For 1963, Pontiac wanted to build further on its NHRA presence in the Super/Stock class. Even with the lightened front end, the Catalina was still too heavy for the lightweight Chevrolets and Mopars. Pontiac engineers rolled up their sleeves and created an ultra-lightweight “Swiss Cheese” frame for the Catalina. Designed specifically for racing, it had holes drilled in the frame rails and the lower portion of the bottom frame rail was removed. Needless to say the frame was not very stiff, which meant the body shell contributed to the bulk of the torsional and beam stiffness of the overall car structure. And these modification did nothing to control body squeaks and rattles or door fitment. The aluminum stamping for 1963 were also a thinner gauge, which provided a 10- to 20-percent lighter front clip. But the panels were so thin you could probably dent them with a hard press of our thumb. The standard exhausts were replaced with aluminum versions of the split flow, dual-outlet manifolds which weighed 27 pounds, compared to 72 pounds in cast iron. Further weight reductions were available with dealer-installed Plexiglas windshield and rear windows, which were around 40 pounds lighter. More weight came off in the driveline thanks to an all-aluminum transmission case which netted another 20 to 25-pound savings over the cast iron units. As a final touch, special thin front cast iron brake drums saved a few more pounds up front. The engine remained essentially the same with some improvements to head ports and bumping the compression to 12:1.
Even the Catalina’s suspension came prepped for the strip. For optimum weight transfer on launch, rear coil springs were softer than standard and the front springs were stiffer to allow the body to settle back coming off the line. To further enhance the squat, the vehicle came with special front shocks with zero rebound control (damping) and rear shocks with no compression control. The combination worked perfectly to prevent excessive pitching and bouncing of the body at high speeds, allowing the Super Duty Catalina to essentially jump off the line. The factory pulled out all the stops to help put the buyer in the winner’s circle, fresh off the dealership floor. In fact, some Pontiac dealers sold drag tires in their parts department to further facilitate one-stop shopping before you hit the track; the full package could be had in 1963 for just under $4000.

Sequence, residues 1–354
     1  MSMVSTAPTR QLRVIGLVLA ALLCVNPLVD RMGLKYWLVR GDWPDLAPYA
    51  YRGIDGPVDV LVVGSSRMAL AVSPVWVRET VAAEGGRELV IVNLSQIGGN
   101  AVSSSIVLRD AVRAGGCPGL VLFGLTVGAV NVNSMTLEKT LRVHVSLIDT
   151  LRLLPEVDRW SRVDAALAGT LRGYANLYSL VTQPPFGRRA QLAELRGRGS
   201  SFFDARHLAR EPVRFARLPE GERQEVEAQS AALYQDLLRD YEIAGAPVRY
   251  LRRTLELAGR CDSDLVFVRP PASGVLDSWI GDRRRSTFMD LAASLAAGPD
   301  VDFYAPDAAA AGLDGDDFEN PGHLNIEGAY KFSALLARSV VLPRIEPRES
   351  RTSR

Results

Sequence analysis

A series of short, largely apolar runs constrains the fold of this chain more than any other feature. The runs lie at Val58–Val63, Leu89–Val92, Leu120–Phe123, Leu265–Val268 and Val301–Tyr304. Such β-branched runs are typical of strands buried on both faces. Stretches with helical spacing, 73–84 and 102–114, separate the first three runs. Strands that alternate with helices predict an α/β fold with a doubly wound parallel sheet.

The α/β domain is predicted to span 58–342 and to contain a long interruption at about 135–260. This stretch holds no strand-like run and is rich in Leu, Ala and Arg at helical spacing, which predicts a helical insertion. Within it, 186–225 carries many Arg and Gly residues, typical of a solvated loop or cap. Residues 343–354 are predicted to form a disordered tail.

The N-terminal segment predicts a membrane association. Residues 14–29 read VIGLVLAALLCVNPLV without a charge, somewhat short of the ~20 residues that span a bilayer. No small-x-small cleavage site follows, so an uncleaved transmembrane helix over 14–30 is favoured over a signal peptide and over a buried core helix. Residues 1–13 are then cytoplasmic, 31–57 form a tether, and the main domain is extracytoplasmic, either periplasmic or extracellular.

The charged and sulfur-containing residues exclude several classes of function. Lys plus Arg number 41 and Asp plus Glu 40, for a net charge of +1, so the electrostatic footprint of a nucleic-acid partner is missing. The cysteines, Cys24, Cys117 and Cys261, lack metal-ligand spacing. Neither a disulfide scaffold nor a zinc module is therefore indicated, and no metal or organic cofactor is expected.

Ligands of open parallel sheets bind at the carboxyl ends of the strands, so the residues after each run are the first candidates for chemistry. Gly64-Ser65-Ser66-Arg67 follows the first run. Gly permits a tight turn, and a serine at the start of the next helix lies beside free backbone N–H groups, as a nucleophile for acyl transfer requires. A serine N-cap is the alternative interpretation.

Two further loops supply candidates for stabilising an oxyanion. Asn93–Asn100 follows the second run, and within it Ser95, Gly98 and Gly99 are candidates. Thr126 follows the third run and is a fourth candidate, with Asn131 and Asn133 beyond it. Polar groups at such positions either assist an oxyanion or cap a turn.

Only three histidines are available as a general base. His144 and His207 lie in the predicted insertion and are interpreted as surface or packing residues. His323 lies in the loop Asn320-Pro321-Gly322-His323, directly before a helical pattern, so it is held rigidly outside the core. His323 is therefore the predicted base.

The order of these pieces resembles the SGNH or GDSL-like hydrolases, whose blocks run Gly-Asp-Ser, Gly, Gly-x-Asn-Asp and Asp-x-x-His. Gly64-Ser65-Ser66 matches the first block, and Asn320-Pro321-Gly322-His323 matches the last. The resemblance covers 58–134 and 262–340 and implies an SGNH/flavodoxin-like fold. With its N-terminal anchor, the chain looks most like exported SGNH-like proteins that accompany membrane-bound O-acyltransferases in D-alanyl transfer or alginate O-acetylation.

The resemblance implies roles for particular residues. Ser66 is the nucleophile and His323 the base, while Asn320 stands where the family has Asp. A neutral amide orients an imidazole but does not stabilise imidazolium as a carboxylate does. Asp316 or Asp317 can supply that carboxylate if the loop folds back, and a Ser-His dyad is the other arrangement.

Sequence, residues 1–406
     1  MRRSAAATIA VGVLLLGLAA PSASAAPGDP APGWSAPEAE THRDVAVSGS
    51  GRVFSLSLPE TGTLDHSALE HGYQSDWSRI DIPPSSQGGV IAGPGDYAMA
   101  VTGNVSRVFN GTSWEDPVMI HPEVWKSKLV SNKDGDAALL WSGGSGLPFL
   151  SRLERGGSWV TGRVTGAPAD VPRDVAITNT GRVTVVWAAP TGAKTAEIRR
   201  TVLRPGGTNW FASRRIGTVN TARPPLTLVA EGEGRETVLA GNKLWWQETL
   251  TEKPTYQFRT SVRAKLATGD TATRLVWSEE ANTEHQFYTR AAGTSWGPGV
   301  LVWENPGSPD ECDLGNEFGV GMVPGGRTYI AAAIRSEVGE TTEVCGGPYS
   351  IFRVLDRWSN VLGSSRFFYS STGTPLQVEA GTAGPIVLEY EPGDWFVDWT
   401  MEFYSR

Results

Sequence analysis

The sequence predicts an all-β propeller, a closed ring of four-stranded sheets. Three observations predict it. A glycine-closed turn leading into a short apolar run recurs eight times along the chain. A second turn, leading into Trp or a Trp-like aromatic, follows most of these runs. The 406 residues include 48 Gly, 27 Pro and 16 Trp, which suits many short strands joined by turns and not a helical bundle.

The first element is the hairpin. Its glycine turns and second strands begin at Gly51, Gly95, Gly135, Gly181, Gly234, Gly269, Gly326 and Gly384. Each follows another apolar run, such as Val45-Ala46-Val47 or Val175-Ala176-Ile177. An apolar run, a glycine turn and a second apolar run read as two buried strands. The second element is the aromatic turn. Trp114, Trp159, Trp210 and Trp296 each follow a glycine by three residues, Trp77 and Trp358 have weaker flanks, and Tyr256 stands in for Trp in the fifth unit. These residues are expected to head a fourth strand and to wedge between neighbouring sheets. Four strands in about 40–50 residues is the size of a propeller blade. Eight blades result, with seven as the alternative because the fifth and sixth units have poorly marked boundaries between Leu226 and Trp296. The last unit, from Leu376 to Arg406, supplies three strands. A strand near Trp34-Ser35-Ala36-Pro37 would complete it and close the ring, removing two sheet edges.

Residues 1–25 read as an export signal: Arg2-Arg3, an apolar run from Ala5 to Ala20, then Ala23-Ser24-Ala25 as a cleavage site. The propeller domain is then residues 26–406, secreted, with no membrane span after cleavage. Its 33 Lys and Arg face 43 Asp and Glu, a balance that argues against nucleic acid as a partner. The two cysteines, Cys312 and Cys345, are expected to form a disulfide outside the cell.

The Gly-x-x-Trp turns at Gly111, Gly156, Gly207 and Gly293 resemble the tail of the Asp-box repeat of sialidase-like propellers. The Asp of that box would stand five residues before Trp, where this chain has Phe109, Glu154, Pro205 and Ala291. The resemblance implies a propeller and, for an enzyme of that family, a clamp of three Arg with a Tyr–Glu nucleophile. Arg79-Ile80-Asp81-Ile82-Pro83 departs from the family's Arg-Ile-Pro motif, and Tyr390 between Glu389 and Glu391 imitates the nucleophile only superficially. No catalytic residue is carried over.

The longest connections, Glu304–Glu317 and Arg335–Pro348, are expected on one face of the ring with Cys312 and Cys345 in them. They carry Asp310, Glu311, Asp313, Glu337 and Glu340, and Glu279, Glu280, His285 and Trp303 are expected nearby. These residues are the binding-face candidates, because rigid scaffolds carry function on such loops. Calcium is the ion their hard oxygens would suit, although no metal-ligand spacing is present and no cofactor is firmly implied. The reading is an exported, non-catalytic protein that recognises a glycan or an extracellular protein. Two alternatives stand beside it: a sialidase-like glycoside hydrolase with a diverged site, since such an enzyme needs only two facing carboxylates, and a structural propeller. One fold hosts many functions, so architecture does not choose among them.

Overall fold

Nevertheless, the program hit a critical roadblock. Notorious penny-pincher GM chairman and CEO Frederick Donner issued a memo in January of 1963 to all divisions, reaffirming its position within the Automotive Manufacturers Association (AMA) agreement against factory-supported racing. According to Martyn Schorr’s Day One: An Automotive Journalist’s Muscle-Car Memoir, Pontiac quickly instructed dealers to reject orders for 421SD models. It appeared GM and most notably Pontiac’s reign in racing was over, even as some undercover performance operations pressed on. Without racing to substantiate their performance image, Pontiac’s new-found youthful image was in peril. It certainly looked like it could be the end for Pontiac’s high-octane run, and an unceremonious end to one of the best brand re-tools in history.
Pontiac had, however, awakened a performance beast in the American automotive market that it could feed. What Pontiac engineers learned on the 421SD program they quickly funneled into their 421HO (High Output) street motor. A new vehicle concept based on a mid-sized body with a large-displacement engine was born in a Pontiac experimental garage at the GM Proving Grounds in Milford. Moving the 421HO into the Tempest, a smaller and lighter intermediate body seemed like the natural progression from the Super Duty Catalina.
But Pontiac engineers were still bound by yet another GM edict mandating 10 pounds of vehicle weight per cubic inch. Pontiac discovered that the limit only applied to base engines and not option packages, and so engineers developed a 389 using the high-performance parts from the 421HO. Thus, a new era was born in 1964 with the GTO option package to be offered on the LeMans. With the GTO, Pontiac’s performance image was launched into infamy, solidifying the division in history as the father of the muscle car era. The SD badge would return in future, most notably with the legendary Firebird Trans Am SD-455. Pontiac may today be gone, but it certainly is not forgotten.